Copper FAQ

What is Copper?

Copper is the name of a command line tool (CLI) and a Domain Specific Language (DSL) for validating configuration files.

Why do I need Copper?

We built Copper to make sure our infrastructure is stable and secure. More and more we use code to describe infrastructure: if you use tools like Kubernetes, you know how you can use configuration files to change your infrastructure settings as well as deploy your applications.

As infrastructure configuration becomes part of the code, we wanted to apply the same principles of quality we use for code to our configuration files. It sounded strange to be the champions of “Infrastructure as Code” and yet not use all of best practices of developing code for our infrastructure.

If you use rely heavily on configuration files then Copper is for you. Particularly if you use Kubernetes, Copper can help you a lot.

How do I use Copper?

Copper comes with a command line tool. Simply head to the Getting Started section and validate your first file!

Why not use X instead?

Our aim for releasing Copper is to help everyone benefit from using Kubernetes without having to restrict access to configuration files (so mistakes can be avoided). We built Copper as a purpose built tool with a safe to execute and easy to pickup DSL to make this goal easier. However if you can achieve this using a different tool or product, we think we achieved our goal and would love to hear about your success.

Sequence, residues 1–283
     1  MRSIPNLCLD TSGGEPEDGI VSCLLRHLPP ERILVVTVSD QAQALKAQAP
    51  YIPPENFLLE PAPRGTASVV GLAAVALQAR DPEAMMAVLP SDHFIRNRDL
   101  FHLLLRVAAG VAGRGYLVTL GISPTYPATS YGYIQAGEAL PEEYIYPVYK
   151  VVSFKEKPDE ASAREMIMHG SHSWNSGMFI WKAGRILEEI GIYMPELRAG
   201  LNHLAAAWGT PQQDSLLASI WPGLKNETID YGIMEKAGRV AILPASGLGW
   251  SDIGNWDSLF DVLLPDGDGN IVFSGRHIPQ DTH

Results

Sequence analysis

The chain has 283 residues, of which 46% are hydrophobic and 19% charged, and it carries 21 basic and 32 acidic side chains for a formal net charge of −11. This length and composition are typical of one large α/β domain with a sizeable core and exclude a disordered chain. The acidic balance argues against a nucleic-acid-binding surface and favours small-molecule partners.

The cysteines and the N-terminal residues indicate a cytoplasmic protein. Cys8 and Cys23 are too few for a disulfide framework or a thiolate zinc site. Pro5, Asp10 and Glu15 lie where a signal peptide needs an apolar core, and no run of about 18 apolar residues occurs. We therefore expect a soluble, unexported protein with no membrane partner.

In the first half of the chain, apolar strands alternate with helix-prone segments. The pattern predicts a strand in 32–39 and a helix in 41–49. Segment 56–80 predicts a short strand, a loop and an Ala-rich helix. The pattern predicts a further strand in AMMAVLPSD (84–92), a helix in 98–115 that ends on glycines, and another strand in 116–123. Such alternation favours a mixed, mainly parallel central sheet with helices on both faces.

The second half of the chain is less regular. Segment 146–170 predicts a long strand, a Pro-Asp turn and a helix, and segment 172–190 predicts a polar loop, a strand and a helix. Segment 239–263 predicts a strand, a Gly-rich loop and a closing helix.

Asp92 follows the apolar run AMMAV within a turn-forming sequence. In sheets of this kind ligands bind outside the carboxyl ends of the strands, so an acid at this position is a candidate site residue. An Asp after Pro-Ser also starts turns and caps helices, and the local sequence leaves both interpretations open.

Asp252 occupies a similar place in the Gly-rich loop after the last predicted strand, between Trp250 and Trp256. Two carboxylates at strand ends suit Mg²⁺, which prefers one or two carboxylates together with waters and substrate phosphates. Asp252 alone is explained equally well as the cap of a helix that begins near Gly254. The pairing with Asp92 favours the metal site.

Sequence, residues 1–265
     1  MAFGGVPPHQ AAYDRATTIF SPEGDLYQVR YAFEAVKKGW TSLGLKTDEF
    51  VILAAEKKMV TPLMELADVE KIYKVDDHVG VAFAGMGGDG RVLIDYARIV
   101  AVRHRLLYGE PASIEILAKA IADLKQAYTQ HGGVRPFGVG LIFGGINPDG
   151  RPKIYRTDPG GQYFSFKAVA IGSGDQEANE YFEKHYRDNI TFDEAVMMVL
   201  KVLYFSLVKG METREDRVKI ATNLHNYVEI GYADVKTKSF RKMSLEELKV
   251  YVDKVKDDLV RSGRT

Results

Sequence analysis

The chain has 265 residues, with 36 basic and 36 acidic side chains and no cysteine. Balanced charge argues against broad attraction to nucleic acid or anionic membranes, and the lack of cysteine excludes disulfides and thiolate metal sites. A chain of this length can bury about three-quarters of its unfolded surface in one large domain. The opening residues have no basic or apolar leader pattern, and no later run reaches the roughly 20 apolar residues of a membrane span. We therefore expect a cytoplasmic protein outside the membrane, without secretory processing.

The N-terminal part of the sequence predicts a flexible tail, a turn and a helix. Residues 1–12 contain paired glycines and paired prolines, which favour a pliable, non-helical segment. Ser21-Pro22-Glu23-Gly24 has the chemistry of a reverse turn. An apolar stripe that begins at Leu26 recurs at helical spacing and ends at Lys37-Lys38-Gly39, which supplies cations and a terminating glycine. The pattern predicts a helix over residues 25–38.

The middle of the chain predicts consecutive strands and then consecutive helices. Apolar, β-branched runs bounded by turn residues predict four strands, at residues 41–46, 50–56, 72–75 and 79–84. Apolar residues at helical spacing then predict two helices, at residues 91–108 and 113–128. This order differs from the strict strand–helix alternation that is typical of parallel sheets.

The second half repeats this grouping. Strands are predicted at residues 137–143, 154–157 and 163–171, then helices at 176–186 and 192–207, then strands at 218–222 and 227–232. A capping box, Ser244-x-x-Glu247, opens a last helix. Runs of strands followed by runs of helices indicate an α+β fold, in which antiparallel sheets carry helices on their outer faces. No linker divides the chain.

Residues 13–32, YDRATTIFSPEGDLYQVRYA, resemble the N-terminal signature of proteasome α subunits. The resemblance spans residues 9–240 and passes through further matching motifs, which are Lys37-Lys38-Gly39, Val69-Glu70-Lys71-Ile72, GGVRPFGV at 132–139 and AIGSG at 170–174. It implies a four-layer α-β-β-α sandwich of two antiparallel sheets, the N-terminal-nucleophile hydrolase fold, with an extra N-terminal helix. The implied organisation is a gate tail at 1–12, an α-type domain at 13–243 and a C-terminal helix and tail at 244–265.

Why a new DSL instead of using X as a language?

That’s a very good question. We looked at many different options, from tools that let you write Python to vanilla Javascript running as a Node.js function. Using a programming language has 2 main benefits:

  1. You probably know it already.
  2. It is super flexible. It’s a programming language after all!

However, we decided to build Copper DSL because we wanted to make it very specific to the use cases related to validating Kubernetes configuration files without thinking about how to write validations instead of thinking about validations themselves.

We wanted Copper DSL to be as close as possible to languages you know (like Javascript or Python) without feeling alien. We also wanted it to be safe to run on a hosted or multi-tenanted environment so everyone can benefit from it without too much operational trouble.

We think Copper DSL satisfies all these goals and is going to get even better because of its focused goal.

Why is Copper written in Ruby and not X?

You’re probably thinking why Copper is not written in Go! As a matter of fact all of our other open source products (Starter, Habitus and Gifnoc) are written in Go. Ruby however lends itself very well to writing a DSL and the Gem infrastructure is a good way to distribute libraries and binaries. Since all Copper users are familiar with Docker and it will most likely be running somewhere in your CI/CD pipeline, it is best wrapped in a Docker image.

Can I help / contribute?

Yes please! Raise github issues, fork and modify, send PRs and make use of Kubernetes configurations better and safer for everyone.